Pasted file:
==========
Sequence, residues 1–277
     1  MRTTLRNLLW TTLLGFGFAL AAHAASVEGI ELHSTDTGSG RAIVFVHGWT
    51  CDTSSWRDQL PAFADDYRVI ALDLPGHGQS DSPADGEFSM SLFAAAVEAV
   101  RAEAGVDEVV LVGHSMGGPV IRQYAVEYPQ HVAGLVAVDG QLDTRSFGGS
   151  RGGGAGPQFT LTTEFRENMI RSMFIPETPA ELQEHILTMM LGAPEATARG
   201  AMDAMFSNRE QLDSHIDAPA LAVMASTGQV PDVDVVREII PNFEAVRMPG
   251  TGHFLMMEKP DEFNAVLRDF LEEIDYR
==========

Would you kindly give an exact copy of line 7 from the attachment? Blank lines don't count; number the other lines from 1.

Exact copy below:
   251  TGHFLMMEKP DEFNAVLRDF LEEIDYR